It is worth remembering that when Fein says "It's more dangerous than Clinton's lying under oath," he says it as someone who was among Clinton's harshest critics.
Norman Ornstein, a resident scholar at the conservative American Enterprise Institute and the consummate Washington insider, said on the same NPR broadcast: "I think if we're going to be intellectually honest here, this really is the kind of thing that Alexander Hamilton was referring to when impeachment was discussed."
Ornstein added in a December 21 column :
The Bush approach to presidential power is simple, straightforward and clear: "L'etat, c'est moi." As conservative constitutional scholar Bruce Fein puts it, even King George III would blush at asserting this level of bald, unchecked power. But the way in which the president is handling the revelations of secret wiretaps on Americans -- unapologetic, and promising to continue doing it -- makes it clear that this is just what the president believes.
Of course, we can feel better with the administration's assurances that there were checks on the president's wiretapping--by the Justice Department. Especially since those assurances come at the same time we have learned that the unanimous career-staff recommendation that the Texas redistricting scheme engineered by Rep. Tom DeLay (R-Texas) that violated the Voting Rights Act was derailed by Justice Department politicos. That followed on the heels of the revelation that the abominable Georgia voter identification law, also challenged by career Justice attorneys as a poll tax, was derailed by some of the same politicos.
We can be even more reassured since this week one of the key politicos in these cases, Hans von Spakovsky, was rewarded with a nomination to the Federal Election Commission. Watching Attorney General Alberto Gonzalez justify the wiretaps by relying on the inherent powers of the commander in chief suggests that the Bush Justice Department is to checks and balances what Paris Hilton is to chastity.
Bush has the audacity to assert that his authorization of NSA surveillance of American citizens on American soil was "lawful." It was not. It was a blatant and arrogant violation of American law. If Bush wanted the authority to undertake such surveillance, he should have gone directly to Congress and sought such authorization, publicly. He did not do this, because it would not have been granted. So, instead of acting in accord with his pledge to "preserve, protect and defend the Constitution of the United States," he acted surreptitiously and unconstitutionally. What is revealing about Bush's view of the terrorists is that he apparently believes they assume we act within the bounds of our own Constitution. So, he decided, we'll trick them. We won't.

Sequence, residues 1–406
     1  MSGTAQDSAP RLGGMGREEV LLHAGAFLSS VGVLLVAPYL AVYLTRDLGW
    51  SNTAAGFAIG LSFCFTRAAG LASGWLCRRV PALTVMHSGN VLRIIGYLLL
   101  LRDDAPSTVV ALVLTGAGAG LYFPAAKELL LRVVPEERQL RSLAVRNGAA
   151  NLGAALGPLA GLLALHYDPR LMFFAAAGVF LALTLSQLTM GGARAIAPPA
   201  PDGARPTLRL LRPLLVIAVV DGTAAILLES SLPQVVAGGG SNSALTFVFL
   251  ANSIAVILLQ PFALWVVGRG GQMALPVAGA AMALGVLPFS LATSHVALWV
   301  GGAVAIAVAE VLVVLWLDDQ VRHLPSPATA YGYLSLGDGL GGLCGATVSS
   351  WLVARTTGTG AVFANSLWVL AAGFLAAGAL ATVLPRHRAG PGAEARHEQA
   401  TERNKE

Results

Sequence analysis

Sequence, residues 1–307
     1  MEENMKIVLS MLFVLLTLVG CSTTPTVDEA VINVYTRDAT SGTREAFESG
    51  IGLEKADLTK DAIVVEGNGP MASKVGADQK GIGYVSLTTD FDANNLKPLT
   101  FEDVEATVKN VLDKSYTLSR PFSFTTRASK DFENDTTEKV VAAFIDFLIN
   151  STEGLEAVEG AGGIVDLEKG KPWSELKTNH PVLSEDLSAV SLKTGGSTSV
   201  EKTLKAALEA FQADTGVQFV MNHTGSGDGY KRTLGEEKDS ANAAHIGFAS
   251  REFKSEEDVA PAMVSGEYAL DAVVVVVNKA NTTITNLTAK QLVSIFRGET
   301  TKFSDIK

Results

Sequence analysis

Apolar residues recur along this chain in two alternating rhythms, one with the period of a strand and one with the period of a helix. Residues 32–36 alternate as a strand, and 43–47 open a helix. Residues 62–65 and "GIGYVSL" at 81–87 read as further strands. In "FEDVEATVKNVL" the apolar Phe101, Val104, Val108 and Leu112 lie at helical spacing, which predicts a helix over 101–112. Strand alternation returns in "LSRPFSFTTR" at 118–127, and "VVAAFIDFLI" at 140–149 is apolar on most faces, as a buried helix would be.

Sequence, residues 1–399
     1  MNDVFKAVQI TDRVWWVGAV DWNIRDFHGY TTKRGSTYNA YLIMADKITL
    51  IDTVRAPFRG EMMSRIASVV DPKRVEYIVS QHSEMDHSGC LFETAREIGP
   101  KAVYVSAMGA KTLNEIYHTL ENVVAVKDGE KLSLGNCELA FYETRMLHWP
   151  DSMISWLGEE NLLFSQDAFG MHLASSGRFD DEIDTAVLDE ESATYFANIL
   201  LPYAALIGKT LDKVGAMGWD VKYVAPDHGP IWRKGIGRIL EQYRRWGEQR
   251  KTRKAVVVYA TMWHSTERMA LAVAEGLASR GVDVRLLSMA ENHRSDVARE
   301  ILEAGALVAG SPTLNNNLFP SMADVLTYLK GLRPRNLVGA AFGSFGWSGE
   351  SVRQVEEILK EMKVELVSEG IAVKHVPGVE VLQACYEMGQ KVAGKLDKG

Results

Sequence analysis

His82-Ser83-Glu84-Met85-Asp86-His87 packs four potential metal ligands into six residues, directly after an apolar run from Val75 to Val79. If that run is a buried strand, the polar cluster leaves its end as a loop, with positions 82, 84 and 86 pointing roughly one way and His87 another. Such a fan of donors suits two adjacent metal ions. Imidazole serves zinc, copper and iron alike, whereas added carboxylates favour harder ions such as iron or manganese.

Given the seriousness of the matter -- and the criticism "the president's plan" has received from conservatives like Ornstein, Fein, Sen. Chuck Hagel, Sen. Arlen Specter and others -- you might think that even the most knee-jerk Bush defenders would check and double-check their facts before defending the use of the National Security Agency to spy on American citizens -- and that news organizations would, at long last, refuse to let false and misleading claims by the Bush administration and its allies go uncorrected.
Unfortunately, that hasn't been the case.
News organizations including the Los Angeles Times, the Associated Press, and Fox News reported  Bush's argument that unwarranted wiretaps are necessary in the interest of speed -- without telling their readers and viewers that the current law governing wiretaps allows the administration to obtain a warrant up to 72 hours after the fact in cases in which "an emergency situation exists."
On Fox News' Special Report, Charles Krauthammer went several steps further :
Krauthammer falsely suggested that President Bush's authorization of domestic spying -- without obtaining a search warrant -- was an "expedient action," rather than a "scandal," because the administration did "tell the court" after the fact that it was going to do so. In fact, the administration never alerted the relevant court to its surveillance of domestic phone calls.
Krauthammer also misstated the law by claiming that it would be a "mistake" to follow a law that would force the White House to "wait to go to a judge" to obtain a warrant rather than "act immediately" to thwart a potential terrorist attack -- a point with which guest host Jim Angle , Roll Call executive editor Morton M. Kondracke , and Weekly Standard executive editor Fred Barnes  readily agreed. In fact, in emergency situations, the law does not require the White House to "wait to go to a judge." The emergency provisions on electronic surveillance  in the United States Code  permit the attorney general to make an independent judgment to immediately begin surveillance of domestic phone calls up to 72 hours prior to formally applying to the Foreign Intelligence Surveillance Act  (FISA) court for a warrant.